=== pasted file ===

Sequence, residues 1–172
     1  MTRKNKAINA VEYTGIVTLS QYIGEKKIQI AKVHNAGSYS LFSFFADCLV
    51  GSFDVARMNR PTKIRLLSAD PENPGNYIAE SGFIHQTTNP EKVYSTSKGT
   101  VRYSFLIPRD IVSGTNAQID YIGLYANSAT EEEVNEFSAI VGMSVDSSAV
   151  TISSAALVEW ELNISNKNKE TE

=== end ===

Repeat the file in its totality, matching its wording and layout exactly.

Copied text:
Sequence, residues 1–172
     1  MTRKNKAINA VEYTGIVTLS QYIGEKKIQI AKVHNAGSYS LFSFFADCLV
    51  GSFDVARMNR PTKIRLLSAD PENPGNYIAE SGFIHQTTNP EKVYSTSKGT
   101  VRYSFLIPRD IVSGTNAQID YIGLYANSAT EEEVNEFSAI VGMSVDSSAV
   151  TISSAALVEW ELNISNKNKE TE